Chrysler was one of the last to use front drum brakes; the factory made discs mandatory only on Hemi-powered B- and E-bodies into the early 1970s. But you can correct Ma Mopar’s oversight with one of these Summit brake kits. You can get the Complete Kit shown here, or a Full Wheel Kit that has all the stuff the Complete Kit has except for the master cylinder, power booster, and proportioning valve. Either kit requires the use of 15-inch wheels to clear the calipers.

If your car already has a power brake booster setup, or you want to go with manual disc brakes, consider a Summit Full Wheel Brake Kit. It has everything you need to convert from drum to disc, except for the master cylinder, booster, and proportioning valve. The kit shown here fits 1955-58 Chevys; it comes with special caliper brackets that fit on the factory drum brake spindles. We have Full Wheel Kits for GM A-body and X-body cars, first-gen Camaro/Firebird, and 1959-64 full size Chevys.

Back when our old cars were new, drum brakes were the standard. It wasn’t so much that drums were good at their job. They were familiar technology and more importantly, cheap. With lower horsepower levels, slower speeds, and less congestion to contend with, drum brakes usually gave drivers enough time and distance to come to a stop without plowing into somebody.

(Image/Summit Racing)

But when Detroit started adding more horsepower in the late 1950s and ’60s—and rodders piled more power on top of that—drum brakes made their inadequacies known. Long stopping distances, quick fading, and an unsettling tendency to lock up at the drop of a hat did not mix well with big horsepower. By the late 1960s, the factories figured that out and made front disc brakes standard equipment on their top-dog muscle cars and an option on many other models.

But what if you still have drums on the front of your vintage ride? No worries—you can have your horsepower cake and stop it too with a Summit Racing Drum-to-Disc Brake Conversion Kit.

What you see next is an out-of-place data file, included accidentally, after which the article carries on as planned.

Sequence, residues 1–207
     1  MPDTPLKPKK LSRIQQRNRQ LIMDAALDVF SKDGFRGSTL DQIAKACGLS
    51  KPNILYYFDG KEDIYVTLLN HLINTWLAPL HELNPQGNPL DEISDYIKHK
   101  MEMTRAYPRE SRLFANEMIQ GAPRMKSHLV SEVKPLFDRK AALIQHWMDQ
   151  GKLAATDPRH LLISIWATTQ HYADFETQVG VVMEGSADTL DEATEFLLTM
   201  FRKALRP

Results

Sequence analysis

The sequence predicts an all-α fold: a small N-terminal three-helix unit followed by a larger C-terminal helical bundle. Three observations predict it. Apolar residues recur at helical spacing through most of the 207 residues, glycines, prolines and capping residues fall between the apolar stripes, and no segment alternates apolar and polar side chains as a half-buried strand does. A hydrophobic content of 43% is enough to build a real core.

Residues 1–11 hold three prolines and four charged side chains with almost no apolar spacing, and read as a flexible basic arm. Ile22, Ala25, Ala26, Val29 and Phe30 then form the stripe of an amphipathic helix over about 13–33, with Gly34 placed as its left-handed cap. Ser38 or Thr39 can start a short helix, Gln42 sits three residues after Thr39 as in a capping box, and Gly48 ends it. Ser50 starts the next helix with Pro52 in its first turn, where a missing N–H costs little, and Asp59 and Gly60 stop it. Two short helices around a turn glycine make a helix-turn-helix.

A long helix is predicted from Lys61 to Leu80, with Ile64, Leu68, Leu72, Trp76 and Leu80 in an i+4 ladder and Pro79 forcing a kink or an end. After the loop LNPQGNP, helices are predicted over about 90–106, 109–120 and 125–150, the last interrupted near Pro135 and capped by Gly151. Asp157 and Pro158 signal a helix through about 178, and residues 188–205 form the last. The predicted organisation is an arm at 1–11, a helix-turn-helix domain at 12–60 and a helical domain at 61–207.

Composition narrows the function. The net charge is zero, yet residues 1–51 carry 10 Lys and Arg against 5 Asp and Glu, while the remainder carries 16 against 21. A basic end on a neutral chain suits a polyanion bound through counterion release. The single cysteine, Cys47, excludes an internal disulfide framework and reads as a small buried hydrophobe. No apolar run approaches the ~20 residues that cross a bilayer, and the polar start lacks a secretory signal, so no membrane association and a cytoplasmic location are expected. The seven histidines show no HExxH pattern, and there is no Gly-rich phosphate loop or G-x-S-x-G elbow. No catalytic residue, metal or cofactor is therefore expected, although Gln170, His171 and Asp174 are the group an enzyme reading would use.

Does swapping out a whole brake system sound intimidating? It really isn’t. The Summit brake kits are designed to be direct bolt-ons. You get the rotors, new GM-style calipers with pads, spindles (1955-64 full size Chevys get caliper adapter brackets), backing plates, bearings, seals, hose and fittings, and mounting hardware. In most cases, the kits fit the vehicle’s existing hard brake lines.

The Summit Racing disc brake kits are available in three versions:
The Full Wheel Kits include everything mentioned above. They are a good choice if you don’t need a master cylinder or power brake booster, or just want manual disc brakes.
The Complete Kits have all the stuff in the Full Wheel Kits plus a master cylinder, nine inch power brake booster, and an adjustable proportioning valve.
The Complete Drop Spindle Kits have all of the goodies from the regular Complete Kits, but have two inch drop spindles to give your car some extra attitude.

Summit Racing has Full Wheel and Complete brake conversion kits for the following vehicles:
• 1955-57 Chevy
• 1959-64 full size Chevy
• 1964-72 GM A-body, 1967-69 Camaro/Firebird, 1968-74 GM X-body (Nova)
• 1962-72 Mopar B-body, 1970-74 E-body

Select Summit Racing brake kits can be had with 11-inch slotted rotors. The CNC-machined slots direct more air over the rotor faces, which cleans dust and junk off the brake pads and helps the rotors run cooler. And unlike cross-drilling, the slots will not cause stress fractures that can lead to rotor failure. The upgrade also comes with stainless steel braided hose that runs from the calipers to the factory hard line.

We’re going to dissect a Summit Racing Complete Brake Kit for the 1964-72 GM A-body (Chevelle/Malibu, Tempest/GTO, Cutlass/442, Skylark/Gran Sport). Zillions of these cars came from the factory with drum brakes, which were marginal even when they were new. With today’s horsepower levels and insane traffic, disc brakes are practically mandatory.

And yes, Virginia, we have rear disc brake conversion kits too. The Summit Racing Rear Drum-to-Disc Upgrade Kits feature GM-style single-piston calipers with an integral parking brake, solid iron rotors, pads, and all the bracketry and hardware required. Kits are available for GM 10- and 12-bolt axles, Ford 8-inch and 9-inch axles, and Chrysler 8 3/4-inch and passenger car Dana 60s.

When an upgrade not only improves vehicle performance but also makes your car (and you) safer, it’s pretty much a no-brainer deal. So ditch those old-fashioned drum brakes for modern stopping power. You’ll be glad you did.

Author: David Fuller

David Fuller is OnAllCylinders' managing editor. During his 20-year career in the auto industry, he has covered a variety of races, shows, and industry events and has authored articles for multiple magazines. He has also partnered with mainstream and trade publications on a wide range of editorial projects. In 2012, he helped establish OnAllCylinders, where he enjoys covering all facets of hot rodding and racing.